Tee-Ranosaurus: A Kindler, Gentler Dinosaur
There was a time, about a year ago, when a certain daddy was very nervous about having his newborn son’s face plastered all over my blog. It was understandable. But, over time, the kid starting developing a personality, started making adorable faces, and somebody grabbed a camera, posted some pictures on Facebook, and it was all over. I mean, how can you NOT want to photograph this cuteness all day long and then stick it on the Internets?
Having your picture on the Internet is an inevitability these days, isn’t it? Especially when you’ve got incredibly talented photographers in the family. (Thanks to Greg for capturing this one and others.) My guess is that this kid, and the rest of his generation, will never NOT know what it’s like to not be on the Internet.
Burdy and I flew back east to celebrate Tre’s 1st birthday last week. We wanted to make something special for him, a handmade gift, something that he would find in a box in the attic in about thirty years from now and go: “Wow. Somebody spent a l o o o o o o t of time on this.” And then he would try and wrap his brain around how something so ugly and lumpy could have brought him so much joy as a child.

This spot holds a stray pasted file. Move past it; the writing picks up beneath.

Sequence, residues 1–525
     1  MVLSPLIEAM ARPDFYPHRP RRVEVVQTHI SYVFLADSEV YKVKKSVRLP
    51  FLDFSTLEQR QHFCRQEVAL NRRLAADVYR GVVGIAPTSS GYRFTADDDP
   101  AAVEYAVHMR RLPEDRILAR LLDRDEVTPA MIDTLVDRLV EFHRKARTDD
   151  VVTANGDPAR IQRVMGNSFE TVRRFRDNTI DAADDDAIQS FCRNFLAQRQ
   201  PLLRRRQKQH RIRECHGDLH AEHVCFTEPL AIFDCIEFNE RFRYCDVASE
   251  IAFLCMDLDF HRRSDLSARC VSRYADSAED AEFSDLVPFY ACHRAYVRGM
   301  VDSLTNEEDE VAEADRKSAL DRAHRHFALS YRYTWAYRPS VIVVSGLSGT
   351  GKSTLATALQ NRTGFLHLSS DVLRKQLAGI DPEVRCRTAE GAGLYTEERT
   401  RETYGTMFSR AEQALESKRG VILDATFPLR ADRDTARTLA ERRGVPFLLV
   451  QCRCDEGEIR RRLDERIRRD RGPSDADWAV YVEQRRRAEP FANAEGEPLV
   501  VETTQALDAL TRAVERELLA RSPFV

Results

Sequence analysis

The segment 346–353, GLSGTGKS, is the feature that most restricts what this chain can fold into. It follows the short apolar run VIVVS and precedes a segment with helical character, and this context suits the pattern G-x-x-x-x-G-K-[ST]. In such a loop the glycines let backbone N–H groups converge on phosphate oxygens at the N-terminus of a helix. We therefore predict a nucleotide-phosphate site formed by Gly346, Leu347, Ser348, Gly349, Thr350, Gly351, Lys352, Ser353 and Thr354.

I present to you, making their debut on the Internet, fresh from the sweatshop of Burdy, Incoporated, The Garbageasaurs!
According to his mom, Tre loves them. And why not? They’re made of t-shirts. And love. Lots and lots of love.
Also included in the gift: A set of a dozen blocks, also made of t-shirts, complete with handsome tote bag (also made of tees!)
My favorite part about these blocks is that they’re not just from Burdy and me. They’re from a whole group of awesome people, really. The Garbageasaurs, too. A couple of years ago, I asked my friends to donate to me t-shirts they would have otherwise turned over to Goodwill (or the rag pile). I’ve been using them to make clothing (with a little help from my friend Megan at Generation-T), and some of them to make baby toys, burp cloths, and all sorts of drawstring bags. I love that each piece I create has a story to tell. These blocks, for instance, feature t-shirts from all our friends here in the Northwest (plus some never-used boxer shorts thrown in for good measure.)